Dubai Year in Review 2013

Text size +-

Many of the concerns that had been weighing on Dubai’s economy in the aftermath of the 2008 global financial crisis look to have been laid to rest this past year, with the emirate consolidating its place as a regional centre for tourism, transport, trade and retail, while posting robust growth.

One of the strongest signs that Dubai’s economy, and that of the UAE as a whole, looked set to give a strong performance came in June, when the New York-based MSCI announced it was upgrading the country from frontier to emerging market status. The S&P Dow Jones Indices followed suit in late October, paving the way for UAE to access previously unavailable sources of capital and tap new investment.

Dubai’s economy expanded by 4.9% between January and June in a year-on-year comparison, according to official statistics, marking its best first-half-year performance since 2008. Full-year growth for 2013 is expected to edge towards 5%.

Centre for transport and logistics

A glance beyond the headline figures reveals that Dubai’s recovery has been driven by an expansion across several key sectors, including the aviation industry, which accounts for up to 20% of GDP when both direct and indirect contributions are taken into account.

The emirate is already home to one of the world’s busiest airports, Dubai International, and a second facility – Al Maktoum International Airport (AMIA) – is under development as the cornerstone of the Dubai World Central transport industry and logistics centre. AMIA welcomed its first commercial passenger flight in October, having handled cargo shipments since 2010. The airport is a long-term project, with an expected completion date of 2027, at which point it will have five runways and be capable of serving 160m passengers each year.

Real estate market stabilises

Arguably the sector hit hardest by the financial crisis, Dubai’s real estate market has shown signs of growth this year. Giyas Gokkent, chief economist at the National Bank of Abu Dhabi, recently highlighted the industry’s apparent recovery, pointing out that average residential property prices in Dubai were up 34% in September over the prior year.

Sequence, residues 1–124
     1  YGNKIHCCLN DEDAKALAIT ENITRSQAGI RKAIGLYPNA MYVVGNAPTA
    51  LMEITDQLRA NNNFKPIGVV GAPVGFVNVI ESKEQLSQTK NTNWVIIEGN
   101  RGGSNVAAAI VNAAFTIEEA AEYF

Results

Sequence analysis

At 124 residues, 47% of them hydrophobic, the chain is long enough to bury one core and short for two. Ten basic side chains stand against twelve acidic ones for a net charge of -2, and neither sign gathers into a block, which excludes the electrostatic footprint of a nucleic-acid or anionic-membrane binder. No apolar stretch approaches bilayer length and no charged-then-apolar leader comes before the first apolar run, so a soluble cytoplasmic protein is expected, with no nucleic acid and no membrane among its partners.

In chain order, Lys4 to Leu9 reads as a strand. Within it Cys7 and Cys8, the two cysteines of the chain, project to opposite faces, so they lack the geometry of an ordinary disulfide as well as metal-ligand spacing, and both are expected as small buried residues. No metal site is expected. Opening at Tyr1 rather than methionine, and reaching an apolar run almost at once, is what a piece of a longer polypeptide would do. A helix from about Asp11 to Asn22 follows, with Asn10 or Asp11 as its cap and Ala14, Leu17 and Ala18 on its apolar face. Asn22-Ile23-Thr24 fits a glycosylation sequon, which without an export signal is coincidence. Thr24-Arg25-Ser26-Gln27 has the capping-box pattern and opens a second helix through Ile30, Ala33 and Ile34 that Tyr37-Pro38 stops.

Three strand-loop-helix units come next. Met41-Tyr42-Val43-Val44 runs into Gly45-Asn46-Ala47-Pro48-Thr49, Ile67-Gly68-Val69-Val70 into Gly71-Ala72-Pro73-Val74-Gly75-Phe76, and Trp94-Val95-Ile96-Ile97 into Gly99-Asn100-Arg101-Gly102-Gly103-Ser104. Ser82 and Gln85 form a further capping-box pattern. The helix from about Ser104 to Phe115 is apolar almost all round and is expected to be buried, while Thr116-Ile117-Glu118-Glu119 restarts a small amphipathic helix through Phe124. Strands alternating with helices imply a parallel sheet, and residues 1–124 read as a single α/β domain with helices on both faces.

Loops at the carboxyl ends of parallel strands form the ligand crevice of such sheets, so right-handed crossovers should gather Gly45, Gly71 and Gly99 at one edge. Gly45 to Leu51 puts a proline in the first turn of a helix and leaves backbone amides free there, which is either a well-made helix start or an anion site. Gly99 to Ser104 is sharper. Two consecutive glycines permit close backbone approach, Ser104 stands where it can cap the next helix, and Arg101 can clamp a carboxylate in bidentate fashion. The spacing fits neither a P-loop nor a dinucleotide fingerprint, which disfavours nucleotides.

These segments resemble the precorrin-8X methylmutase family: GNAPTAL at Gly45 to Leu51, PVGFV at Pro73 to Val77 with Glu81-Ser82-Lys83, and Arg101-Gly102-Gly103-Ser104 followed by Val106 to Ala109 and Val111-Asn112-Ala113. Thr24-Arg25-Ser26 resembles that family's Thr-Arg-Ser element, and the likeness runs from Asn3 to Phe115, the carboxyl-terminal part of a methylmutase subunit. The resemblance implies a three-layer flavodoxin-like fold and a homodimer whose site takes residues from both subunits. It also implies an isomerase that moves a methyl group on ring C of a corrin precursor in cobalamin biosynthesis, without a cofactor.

Some experts feared rapidly rising real estate prices earlier in the year could herald a property bubble. However, new mortgage regulations put in place by the UAE Central Bank, together with data issued later in the year indicating that property values had remained below pre-crisis levels, helped ease concerns.

Activity is also picking up in the market for retail space, following years of flat pricing and shelved construction projects. Rents in choice retail locations have increased, while several new developments are in the pipeline. According to a report published recently by Colliers International, the emirate is expected to add 369,000 sq metres of new retail space by 2015.

Although Dubai offers more retail space per capita than anywhere else in the region, Colliers, alongside other industry watchers, concluded that the market was still some way off saturation point. The report said the emirate should continue generating interest among international retailers and customers alike.

Improvements in the real estate market and the overall economy could bolster the position of Dubai’s government-related entities (GREs), especially as they look to make sizeable debt repayments over the next few years. According to the IMF, the emirate’s government and GREs combined will owe more than $60bn on maturing bonds and syndicated loans between 2014 and 2016. A continued recovery in the real estate market would make it easier for GREs to divest assets to meet their obligations, as well as improve access to international capital for refinancing.

Looking ahead

In a boost to real estate developers and the wider investment community, November brought word that Dubai had been chosen as the location for Expo 2020. Preparations to host the event, which takes place every five years and provides one of the biggest platforms on the global stage, are expected to bring billions of dollars in investment across most sectors of the economy.

The emirate will also hold the 10th session of the World Islamic Economic Forum in 2014.
The meeting will bolster Dubai’s plans to establish itself as a centre for Islamic finance and highlight the increasingly important role the sector plays in the broader economy.

Dubai has had a banner year in many industries and continues to be an attractive destination for investors, thanks to its business-friendly environment. The completion of major projects, alongside preparations for Expo 2020, should provide a solid foundation for continued expansion across the major elements of the economy.

Follow Oxford Business Group on Facebook, Google+ and Twitter for all the latest Economic News Updates. Or register to receive updates via email.

Covid-19 Economic Impact Assessments

Stay updated on how some of the world’s most promising markets are being affected by the Covid-19 pandemic, and what actions governments and private businesses are taking to mitigate challenges and ensure their long-term growth story continues.

Register now and also receive a complimentary 2-month licence to the OBG Research Terminal.

Register Here×

Product successfully added to shopping cart

Read Next:

In UAE: Dubai

Richard Burge, CEO, London Chamber of Commerce and Industry

The importance of the UK and UAE’s partnership for global trade and prosperity

In Economy

Abdullah Ibrahim Alkhorayef, CEO, Alkhorayef Commercial Company

What are the prospects for greater private sector participation in the economy and the country’s broader economic diversification agenda?


Emerging markets are targeting a share of the global electric vehicle...

With electric vehicles (EVs) set to proliferate and become more accessible to drivers around the world, several emerging markets are looking to expand their EV manufacturing.